I am rebelling against coop vents this cold windy winter

Discussion in 'Coop & Run - Design, Construction, & Maintenance' started by NHchicks, Dec 8, 2010.

  1. NHchicks

    NHchicks Chillin' With My Peeps

    May 13, 2010
    My husband was nice enough to improve the coop for the winter, boarding up the wire mesh areas. I told him we needed to keep 3-5" at the top of the boards open for vents. This is on 3 sides, as the 4th side is the box side anyway and completely wood. Well, here it is December in NH, and there is an icy wind, as usual. Cold is one thing, cold and windy is just about unbearable. I'm tired of feeling like any morning I will have to chip my hens out of the ice, so today I duct taped the vents. Forget it. It's too drafty. All day long the chickens free range and the door to the coop is wide open. But at night, that baby is getting closed up. If there's moisture, it will have to wait until morning.

    This is a confessional. I know the rule is vent, vent, vent. But it goes against all common sense when the wind is blowing into the coop. I can pull the duct tape off at any time once the icy wind is no longer an issue, say about March.

    I hope the coopmasters forgive me. I think my hens will thank me.
  2. Roy

    Roy Chillin' With My Peeps

    Jun 20, 2007
    Central Illinois
    I also close my vents when it's this cold and the wind is blowing. I know that my girls appreciate this and that's all the approval that I need...
  3. Buff Hooligans

    Buff Hooligans Scrambled

    Jun 11, 2007
    Quote:I hear ya NHchicks. When we get nor'easter storms, the wind blows hard right into the pop door, even when it's closed for the night. I think you're on the right track. If you coop starts seeming more moist than it should, then you have a fast remedy.
  4. DutchieWannabe

    DutchieWannabe Out Of The Brooder

    Aug 18, 2010
    I totally understand... I dont think my winters here in Idaho are as harsh as NH, but I have limited ventilation at night and then the (human) door is open all day for free ranging....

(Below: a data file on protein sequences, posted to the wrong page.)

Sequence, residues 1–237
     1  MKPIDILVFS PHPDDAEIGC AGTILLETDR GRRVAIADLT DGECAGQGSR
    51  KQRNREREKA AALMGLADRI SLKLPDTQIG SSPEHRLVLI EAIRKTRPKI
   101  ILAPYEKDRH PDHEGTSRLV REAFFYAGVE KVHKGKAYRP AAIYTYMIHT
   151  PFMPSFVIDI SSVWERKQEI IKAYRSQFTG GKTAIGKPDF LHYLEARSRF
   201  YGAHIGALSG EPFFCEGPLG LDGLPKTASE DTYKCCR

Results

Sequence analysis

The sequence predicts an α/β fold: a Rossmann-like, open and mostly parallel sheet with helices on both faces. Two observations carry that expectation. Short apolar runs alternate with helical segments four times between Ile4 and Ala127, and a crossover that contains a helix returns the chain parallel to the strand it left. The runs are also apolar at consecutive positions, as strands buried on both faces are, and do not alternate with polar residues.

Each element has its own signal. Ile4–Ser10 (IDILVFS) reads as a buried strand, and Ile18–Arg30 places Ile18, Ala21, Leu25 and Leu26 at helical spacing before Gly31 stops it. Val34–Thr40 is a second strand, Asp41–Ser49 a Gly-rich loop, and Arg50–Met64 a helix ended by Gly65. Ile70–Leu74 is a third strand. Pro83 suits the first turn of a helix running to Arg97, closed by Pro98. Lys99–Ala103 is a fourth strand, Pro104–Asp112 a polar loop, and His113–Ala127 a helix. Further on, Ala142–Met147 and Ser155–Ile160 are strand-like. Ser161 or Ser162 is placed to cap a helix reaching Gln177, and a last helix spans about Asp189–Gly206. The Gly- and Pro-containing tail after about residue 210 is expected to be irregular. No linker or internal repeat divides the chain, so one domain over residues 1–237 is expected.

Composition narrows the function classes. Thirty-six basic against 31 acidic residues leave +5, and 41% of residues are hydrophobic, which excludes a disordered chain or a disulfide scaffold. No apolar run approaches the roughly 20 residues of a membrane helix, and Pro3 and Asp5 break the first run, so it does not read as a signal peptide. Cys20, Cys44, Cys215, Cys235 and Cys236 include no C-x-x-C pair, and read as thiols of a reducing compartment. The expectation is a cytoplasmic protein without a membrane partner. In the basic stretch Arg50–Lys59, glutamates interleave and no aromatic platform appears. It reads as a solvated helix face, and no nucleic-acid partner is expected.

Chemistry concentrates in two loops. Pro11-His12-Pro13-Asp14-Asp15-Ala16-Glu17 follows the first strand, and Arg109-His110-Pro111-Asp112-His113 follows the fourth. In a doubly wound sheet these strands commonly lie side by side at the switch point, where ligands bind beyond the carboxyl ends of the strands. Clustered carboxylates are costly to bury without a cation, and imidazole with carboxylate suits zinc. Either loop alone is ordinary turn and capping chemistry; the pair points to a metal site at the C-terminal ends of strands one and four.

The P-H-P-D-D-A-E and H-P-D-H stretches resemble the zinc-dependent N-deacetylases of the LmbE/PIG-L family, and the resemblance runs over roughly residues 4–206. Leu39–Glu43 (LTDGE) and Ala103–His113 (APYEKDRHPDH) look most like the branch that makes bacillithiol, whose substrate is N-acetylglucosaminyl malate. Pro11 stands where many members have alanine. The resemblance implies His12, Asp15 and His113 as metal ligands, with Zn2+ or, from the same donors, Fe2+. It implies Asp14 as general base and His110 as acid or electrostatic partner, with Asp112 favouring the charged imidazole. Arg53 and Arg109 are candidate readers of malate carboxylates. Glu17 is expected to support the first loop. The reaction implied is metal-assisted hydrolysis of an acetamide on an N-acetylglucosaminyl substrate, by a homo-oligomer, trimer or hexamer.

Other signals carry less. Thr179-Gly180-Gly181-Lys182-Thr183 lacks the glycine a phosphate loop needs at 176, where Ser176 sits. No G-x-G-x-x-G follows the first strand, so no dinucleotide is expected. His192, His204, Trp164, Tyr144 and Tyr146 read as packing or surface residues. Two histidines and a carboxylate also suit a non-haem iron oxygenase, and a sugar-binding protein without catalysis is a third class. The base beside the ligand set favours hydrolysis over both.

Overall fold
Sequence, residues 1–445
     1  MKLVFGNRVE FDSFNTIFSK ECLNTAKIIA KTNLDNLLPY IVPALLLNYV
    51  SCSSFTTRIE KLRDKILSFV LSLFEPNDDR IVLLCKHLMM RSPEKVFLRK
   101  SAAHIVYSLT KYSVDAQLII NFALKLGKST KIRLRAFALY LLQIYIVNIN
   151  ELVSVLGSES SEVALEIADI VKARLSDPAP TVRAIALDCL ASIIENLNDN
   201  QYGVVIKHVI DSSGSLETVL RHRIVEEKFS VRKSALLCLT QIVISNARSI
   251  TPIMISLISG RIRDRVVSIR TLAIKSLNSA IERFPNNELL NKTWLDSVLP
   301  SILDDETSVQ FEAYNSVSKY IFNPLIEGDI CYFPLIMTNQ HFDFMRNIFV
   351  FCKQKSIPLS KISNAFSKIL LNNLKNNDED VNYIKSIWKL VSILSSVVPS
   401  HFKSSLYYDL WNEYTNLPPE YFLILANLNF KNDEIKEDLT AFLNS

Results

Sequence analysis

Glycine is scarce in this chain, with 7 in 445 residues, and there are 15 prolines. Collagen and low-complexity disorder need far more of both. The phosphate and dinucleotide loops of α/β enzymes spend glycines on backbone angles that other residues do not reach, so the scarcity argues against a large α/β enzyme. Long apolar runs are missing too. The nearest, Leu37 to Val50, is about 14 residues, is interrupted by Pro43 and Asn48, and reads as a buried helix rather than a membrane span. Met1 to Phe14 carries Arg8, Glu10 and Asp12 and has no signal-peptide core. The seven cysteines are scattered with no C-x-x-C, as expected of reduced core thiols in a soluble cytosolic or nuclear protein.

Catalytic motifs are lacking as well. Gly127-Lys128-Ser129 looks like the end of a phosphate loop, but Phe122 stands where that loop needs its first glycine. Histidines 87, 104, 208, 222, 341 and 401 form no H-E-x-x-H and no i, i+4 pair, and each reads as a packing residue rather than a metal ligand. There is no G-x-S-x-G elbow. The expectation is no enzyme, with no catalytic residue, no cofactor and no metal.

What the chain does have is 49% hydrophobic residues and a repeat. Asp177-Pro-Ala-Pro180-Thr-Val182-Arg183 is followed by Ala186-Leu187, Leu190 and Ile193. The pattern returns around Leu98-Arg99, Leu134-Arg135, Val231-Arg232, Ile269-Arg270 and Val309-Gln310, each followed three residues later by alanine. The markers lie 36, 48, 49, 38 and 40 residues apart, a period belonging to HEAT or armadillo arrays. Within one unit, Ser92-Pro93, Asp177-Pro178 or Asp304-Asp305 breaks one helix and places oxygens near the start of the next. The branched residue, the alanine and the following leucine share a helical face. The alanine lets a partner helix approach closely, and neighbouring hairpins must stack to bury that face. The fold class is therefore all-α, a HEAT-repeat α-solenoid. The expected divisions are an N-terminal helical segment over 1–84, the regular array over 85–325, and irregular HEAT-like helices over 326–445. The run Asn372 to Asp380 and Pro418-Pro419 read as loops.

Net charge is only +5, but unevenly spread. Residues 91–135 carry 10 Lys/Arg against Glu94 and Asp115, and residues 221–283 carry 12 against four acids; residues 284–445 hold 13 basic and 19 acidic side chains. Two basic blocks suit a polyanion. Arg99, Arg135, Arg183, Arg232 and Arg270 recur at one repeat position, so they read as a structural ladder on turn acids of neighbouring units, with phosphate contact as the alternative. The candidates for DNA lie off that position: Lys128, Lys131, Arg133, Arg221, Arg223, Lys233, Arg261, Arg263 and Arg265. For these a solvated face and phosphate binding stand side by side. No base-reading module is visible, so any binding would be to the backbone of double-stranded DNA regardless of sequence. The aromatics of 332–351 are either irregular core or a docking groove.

5. NHchicks

    NHchicks Chillin' With My Peeps

    May 13, 2010
    Oh, you all make me feel so less guilty. Thank you! [​IMG]
  6. Medicine Man

    Medicine Man Chillin' With My Peeps

    Nov 21, 2010
    Apple Hill
    Quote:let me to dissect this statement about commone sense and vents and wind, and I mean all the respect and helpfulness in the world. [​IMG]

    The rule is vent as you say but that means vents in places where if the wind blows it does not blow directly on the chickens. If it does not blow on the chickens, they are fine with cold - they have a dwon coat. When the wind flows on them and parts the feathers then this down coat is no protection. But to have the vents in the proper locations it is of no worry. To not have the vents at all well if you can smell ammonia then it can already have harmed your birds.
  7. NHchicks

    NHchicks Chillin' With My Peeps

    May 13, 2010
    Yeah, MM, my roosts are too high, I will admit that. They are nailed in tho, so it will take a big redesign to put them in other places, which will happen, only not this winter because it's too cold to get out there now. And my coop is too small. It's 4 x 8 with 10 birds, so square footage-wise they are doing okay because they do only roost in it at night, otherwise they free range. Those are the contributing factors to vents making the birds uncomfortable.